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And Then There Were Twelve: Minnesota Becomes Twelfth State To Legalize Same-Sex Marriage
With Governor Mark Dayton’s signature on Tuesday, Minnesota officially became the 12th state in the nation — and the second in the midwest — to legalize gay marriage. They’re the third state just this month to do so, joining Delaware and Rhode Island in making marriage equality the law this May. Minnesota’s law takes effect on August 1st.
Some may feel that it is possible to love a person and not accept that he or she is gay. I don’t think so. Loving a person means loving a whole person. We don’t get to pick and choose the parts. Sure, we can hate the fact that someone is always 20 minutes late, or be infuriated about a 15-year-old’s new nose ring. But those aren’t defining characteristics. Our orientation is a fundamental part of who we are. Loving someone but hating the fact that he or she is gay would be like loving someone but hating the fact that he or she has arms or legs.
And what about those parents who do “accept” and “tolerate” their gay children? I guess that’s better than it could be. They’re better parents than those who throw their children out of the house or abuse them for being gay. But does any kid deserve to settle for mere acceptance or tolerance from his or her parents? Words like “accept” and “tolerate” do not indicate good things; in the context of homosexuality, they imply that there is something wrong with being gay that parents have to put up with. That is not a good message.
Every child deserves to be loved for exactly who they are, so I think it’s about time that we change how we talk about our gay children. Let’s abolish the words “accept” and “tolerate” and replace them with “cherish” and “celebrate.” When we cherish and celebrate who our children are, then maybe the scared gay kids in this country will stop worrying about whether their parents will “still” love them and will simply know they are loved unconditionally.
The Asian Pride Project, an intergenerational and multilingual resource for telling the stories of LGBT Asian & Pacific Islanders, recently launched their website. Many of the videos are really great—we loved this one of Elena and her grandmother.
They’re also having a launch party in New York this weekend. It’s free, and you can RSVP here!
“The strain of hiding my sexuality became almost unbearable in March, when the U.S. Supreme Court heard arguments for and against same-sex marriage. Less then three miles from my apartment, nine jurists argued about my happiness and my future. Here was my chance to be heard, and I couldn’t say a thing. I didn’t want to answer questions and draw attention to myself. Not while I was still playing.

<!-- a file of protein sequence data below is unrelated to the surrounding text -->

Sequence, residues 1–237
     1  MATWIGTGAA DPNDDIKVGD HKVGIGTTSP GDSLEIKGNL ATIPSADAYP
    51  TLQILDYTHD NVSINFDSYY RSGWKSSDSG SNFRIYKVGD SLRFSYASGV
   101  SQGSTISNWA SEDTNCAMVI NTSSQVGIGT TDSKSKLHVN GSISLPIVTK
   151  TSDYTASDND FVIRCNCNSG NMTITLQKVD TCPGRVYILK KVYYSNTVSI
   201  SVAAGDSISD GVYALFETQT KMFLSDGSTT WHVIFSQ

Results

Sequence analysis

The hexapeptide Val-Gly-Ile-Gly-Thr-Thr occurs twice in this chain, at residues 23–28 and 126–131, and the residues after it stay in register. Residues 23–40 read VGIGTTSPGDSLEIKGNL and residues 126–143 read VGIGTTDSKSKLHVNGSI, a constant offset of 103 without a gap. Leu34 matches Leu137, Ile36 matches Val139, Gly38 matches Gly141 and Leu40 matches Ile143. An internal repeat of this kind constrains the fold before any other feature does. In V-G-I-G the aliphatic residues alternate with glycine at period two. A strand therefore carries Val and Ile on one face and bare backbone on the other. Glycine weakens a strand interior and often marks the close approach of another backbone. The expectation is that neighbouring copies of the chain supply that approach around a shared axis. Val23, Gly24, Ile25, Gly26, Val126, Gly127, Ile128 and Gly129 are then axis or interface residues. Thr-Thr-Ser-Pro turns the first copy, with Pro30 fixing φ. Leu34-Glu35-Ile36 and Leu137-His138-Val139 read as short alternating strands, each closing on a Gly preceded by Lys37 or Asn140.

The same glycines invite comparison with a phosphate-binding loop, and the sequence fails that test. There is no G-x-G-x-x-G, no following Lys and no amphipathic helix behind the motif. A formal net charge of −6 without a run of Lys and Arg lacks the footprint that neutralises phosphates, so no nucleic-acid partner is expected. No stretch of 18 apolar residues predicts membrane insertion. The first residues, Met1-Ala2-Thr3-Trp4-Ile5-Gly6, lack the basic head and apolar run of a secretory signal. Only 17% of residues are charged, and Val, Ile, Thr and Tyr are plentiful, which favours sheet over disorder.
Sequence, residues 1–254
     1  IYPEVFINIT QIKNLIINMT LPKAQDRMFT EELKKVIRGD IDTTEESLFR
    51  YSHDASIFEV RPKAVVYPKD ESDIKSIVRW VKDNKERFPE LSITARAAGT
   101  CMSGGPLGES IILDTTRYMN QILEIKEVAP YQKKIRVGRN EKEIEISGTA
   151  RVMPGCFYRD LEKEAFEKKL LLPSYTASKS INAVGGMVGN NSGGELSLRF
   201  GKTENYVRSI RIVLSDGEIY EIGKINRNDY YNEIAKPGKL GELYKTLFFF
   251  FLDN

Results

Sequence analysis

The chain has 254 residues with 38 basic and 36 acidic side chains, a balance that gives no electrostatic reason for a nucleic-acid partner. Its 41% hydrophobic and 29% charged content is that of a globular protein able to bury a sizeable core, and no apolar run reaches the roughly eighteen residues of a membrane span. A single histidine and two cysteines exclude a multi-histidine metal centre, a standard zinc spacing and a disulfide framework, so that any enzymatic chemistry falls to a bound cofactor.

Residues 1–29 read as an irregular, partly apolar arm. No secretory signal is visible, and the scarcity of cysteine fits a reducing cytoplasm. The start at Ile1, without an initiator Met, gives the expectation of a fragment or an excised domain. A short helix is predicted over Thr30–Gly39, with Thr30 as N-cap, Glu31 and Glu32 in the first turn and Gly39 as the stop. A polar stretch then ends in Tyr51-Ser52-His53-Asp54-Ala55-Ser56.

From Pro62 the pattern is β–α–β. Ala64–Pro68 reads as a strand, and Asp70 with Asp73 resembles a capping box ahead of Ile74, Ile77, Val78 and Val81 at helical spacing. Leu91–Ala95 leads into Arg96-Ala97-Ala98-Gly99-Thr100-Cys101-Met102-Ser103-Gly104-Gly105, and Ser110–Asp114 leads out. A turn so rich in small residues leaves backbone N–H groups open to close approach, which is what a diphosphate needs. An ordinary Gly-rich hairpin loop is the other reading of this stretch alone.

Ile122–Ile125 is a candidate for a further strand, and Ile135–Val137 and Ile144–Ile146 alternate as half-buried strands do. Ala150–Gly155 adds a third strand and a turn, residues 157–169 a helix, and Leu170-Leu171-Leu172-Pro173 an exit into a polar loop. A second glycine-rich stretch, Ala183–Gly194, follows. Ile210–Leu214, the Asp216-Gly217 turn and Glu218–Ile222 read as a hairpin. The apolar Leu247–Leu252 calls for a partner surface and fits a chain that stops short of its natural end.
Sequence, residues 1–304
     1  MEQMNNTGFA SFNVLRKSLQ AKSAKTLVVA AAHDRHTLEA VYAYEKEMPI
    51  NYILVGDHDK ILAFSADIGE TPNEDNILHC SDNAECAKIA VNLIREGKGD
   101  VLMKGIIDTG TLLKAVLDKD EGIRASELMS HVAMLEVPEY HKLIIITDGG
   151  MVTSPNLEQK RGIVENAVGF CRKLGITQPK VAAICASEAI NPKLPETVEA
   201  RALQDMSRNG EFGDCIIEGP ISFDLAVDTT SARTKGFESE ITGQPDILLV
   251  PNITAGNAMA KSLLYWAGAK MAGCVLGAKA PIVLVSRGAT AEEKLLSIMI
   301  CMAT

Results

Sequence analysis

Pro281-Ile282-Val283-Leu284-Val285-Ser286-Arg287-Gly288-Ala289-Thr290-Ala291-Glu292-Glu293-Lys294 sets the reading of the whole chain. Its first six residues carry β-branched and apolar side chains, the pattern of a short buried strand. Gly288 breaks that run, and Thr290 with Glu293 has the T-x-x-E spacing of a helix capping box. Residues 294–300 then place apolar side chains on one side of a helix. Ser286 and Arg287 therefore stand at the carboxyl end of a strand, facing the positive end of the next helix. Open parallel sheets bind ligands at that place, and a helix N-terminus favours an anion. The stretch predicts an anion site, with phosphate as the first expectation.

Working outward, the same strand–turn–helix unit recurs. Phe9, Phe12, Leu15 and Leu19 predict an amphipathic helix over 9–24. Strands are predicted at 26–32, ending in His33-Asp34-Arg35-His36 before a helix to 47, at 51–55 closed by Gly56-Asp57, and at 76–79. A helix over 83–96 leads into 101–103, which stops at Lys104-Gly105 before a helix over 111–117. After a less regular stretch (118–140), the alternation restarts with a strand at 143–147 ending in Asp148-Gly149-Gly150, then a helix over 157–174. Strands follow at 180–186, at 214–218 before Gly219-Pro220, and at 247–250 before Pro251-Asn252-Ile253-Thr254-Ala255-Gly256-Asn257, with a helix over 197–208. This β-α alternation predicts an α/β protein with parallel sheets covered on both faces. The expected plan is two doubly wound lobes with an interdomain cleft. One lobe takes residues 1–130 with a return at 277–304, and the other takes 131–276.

“I’m glad I’m coming out in 2013 rather than 2003. The climate has shifted; public opinion has shifted. And yet we still have so much farther to go. Everyone is terrified of the unknown, but most of us don’t want to return to a time when minorities were openly discriminated against. I’m impressed with the straight pro athletes who have spoken up so far — Chris Kluwe, Brendon Ayanbadejo.
“The more people who speak out, the better, gay or straight. It starts with President Obama’s mentioning the 1969 Stonewall riots, which launched the gay rights movement, during his second inaugural address. And it extends to the grade-school teacher who encourages her students to accept the things that make us different.
“…I’m glad I can stop hiding and refocus on my 13th NBA season. I’ve been running through the Santa Monica Mountains in a 30-pound vest with Shadow, the German shepherd I got from Mike Miller. In the pros, the older you get, the better shape you must be in. Next season a few more eyeballs are likely to be on me. That only motivates me to work harder.
“Some people insist they’ve never met a gay person. But Three Degrees of Jason Collins dictates that no NBA player can claim that anymore. Pro basketball is a family. And pretty much every family I know has a brother, sister or cousin who’s gay. In the brotherhood of the NBA, I just happen to be the one who’s out.”
I am excited to release a rough version of my children’s storybook on trans*gender and gender neutral kids. Since I am cisgender I would much appreciate some feedback to anything I’m doing wrong. I really want to do this right. I want this to be stepping stone book for children and parents to talk about this.
Everyday Trans* people face violence simply for being who they are. Outing someone can severely compromise their safety. Violence against them occurs on many different levels, every day. You cannot predict how anybody will react to this information, let…